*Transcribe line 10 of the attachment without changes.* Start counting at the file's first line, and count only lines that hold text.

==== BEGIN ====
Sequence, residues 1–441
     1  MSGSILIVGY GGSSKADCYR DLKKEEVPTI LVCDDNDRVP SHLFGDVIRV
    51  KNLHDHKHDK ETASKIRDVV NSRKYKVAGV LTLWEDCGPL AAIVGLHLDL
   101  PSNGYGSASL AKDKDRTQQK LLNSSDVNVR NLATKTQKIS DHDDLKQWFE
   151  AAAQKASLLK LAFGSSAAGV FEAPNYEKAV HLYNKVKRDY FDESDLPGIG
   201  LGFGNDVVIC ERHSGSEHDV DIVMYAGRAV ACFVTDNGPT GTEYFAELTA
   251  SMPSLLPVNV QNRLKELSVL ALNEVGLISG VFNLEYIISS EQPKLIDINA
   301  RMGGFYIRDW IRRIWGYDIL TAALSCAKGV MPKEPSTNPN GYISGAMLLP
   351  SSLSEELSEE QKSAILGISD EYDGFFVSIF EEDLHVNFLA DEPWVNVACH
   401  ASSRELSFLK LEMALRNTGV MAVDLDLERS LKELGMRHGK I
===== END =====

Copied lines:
   401  ASSRELSFLK LEMALRNTGV MAVDLDLERS LKELGMRHGK I